"Ariel's Choice" and "Girl on the Subway Grate"

Ariel’s Choice

We watch The Little Mermaid
side by side, sharing popcorn.
 
Cozy, until I lean forward,
dismayed to see Ariel agree
to give up her beautiful voice,
transform her natural body
to win the love of a man.
 
Does my granddaughter react?
 
No, she doesn’t squirm a bit.
 
Living in a home
where Mom is the lawyer
and Dad’s salary supplements,
my granddaughter doesn’t yet see
Ariel’s choice as anything more
than imagined magic, a fairy tale.
 
When should I tell her
that two centuries ago, 
Hans Christian Andersen
wrote a story that mirrored
the sacrifices of women
from his time to mine?

 


 

Girl on the Subway Grate

I always thought symbols were those things you clash together—Marilyn Monroe

 

The “blonde bombshell,”
not born a blonde
or with the name
we know her by.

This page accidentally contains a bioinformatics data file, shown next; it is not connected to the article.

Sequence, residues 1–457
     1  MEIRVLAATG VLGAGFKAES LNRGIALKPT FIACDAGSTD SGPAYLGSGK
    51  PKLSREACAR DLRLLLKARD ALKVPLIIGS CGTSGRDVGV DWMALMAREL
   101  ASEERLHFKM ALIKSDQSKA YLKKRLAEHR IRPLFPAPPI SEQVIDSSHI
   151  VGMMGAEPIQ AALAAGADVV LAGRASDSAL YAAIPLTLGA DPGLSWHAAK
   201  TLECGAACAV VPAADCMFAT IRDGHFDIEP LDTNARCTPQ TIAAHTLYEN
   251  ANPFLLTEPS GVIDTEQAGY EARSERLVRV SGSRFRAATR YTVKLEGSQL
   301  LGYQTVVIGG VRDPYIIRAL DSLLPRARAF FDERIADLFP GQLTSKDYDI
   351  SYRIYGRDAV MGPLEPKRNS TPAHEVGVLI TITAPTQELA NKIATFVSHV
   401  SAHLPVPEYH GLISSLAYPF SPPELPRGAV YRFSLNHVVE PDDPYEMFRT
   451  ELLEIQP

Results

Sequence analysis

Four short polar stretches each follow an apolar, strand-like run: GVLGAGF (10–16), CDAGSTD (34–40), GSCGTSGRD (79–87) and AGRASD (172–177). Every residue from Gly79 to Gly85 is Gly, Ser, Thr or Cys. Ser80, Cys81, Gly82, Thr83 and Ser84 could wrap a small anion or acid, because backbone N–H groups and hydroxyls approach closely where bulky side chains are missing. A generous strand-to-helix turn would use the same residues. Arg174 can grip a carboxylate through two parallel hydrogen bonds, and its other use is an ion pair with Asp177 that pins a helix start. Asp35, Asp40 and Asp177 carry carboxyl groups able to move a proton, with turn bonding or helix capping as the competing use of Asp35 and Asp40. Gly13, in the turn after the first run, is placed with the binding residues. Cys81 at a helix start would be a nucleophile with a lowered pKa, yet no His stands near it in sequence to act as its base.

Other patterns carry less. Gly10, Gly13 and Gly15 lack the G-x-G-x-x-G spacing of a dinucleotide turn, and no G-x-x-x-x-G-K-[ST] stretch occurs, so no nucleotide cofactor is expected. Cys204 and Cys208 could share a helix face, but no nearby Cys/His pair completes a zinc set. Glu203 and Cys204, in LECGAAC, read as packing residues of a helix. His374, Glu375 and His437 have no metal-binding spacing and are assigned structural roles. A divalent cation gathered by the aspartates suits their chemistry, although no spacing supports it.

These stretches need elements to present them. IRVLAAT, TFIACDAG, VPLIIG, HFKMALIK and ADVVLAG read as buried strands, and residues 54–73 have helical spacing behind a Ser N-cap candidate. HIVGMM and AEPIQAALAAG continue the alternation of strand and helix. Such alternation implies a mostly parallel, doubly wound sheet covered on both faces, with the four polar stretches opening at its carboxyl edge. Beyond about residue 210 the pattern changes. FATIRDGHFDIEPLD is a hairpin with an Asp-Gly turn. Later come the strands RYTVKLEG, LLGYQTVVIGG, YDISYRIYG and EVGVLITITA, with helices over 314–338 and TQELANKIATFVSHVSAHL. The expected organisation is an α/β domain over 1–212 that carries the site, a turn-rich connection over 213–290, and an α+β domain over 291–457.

The “ditzy” blonde
who liked to read, who
desired the dramatic roles
she was denied.
 
Was it even plausible to think
with that figure and that face,
Marilyn Monroe could succeed
in 1950 as something more
than the girl on the subway grate,
air billowing that iconic white dress.
 
Did we care, if she hated
being a “symbol,” a word
she mocked in a pun,
calling it a noisy metal thing
that clashed against
the more nuanced woman
we never got the chance to know.

 

 

Jacqueline Jules

Jacqueline Jules is the author of Manna in the Morning (Kelsay Books, 2021) and Itzhak Perlman’s Broken String, 2016 winner of the Helen Kay Chapbook Prize by Evening Street Press. Her work has appeared in over 100 publications including The Paterson Literary Review and Imitation Fruit. She is also the author of 50 books for young readers, including Tag Your Dreams: Poems of Play and Persistence (Albert Whitman, 2020) Visit her online at www.jacquelinejules.com.

 

Edited for Unlikely by Jonathan Penton, Editor-in-Chief
Last revised on Monday, November 15, 2021 - 22:17